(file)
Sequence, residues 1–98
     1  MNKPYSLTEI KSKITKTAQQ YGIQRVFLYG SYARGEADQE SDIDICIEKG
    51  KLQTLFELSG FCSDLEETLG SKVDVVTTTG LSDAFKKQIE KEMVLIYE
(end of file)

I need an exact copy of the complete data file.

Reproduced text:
Sequence, residues 1–98
     1  MNKPYSLTEI KSKITKTAQQ YGIQRVFLYG SYARGEADQE SDIDICIEKG
    51  KLQTLFELSG FCSDLEETLG SKVDVVTTTG LSDAFKKQIE KEMVLIYE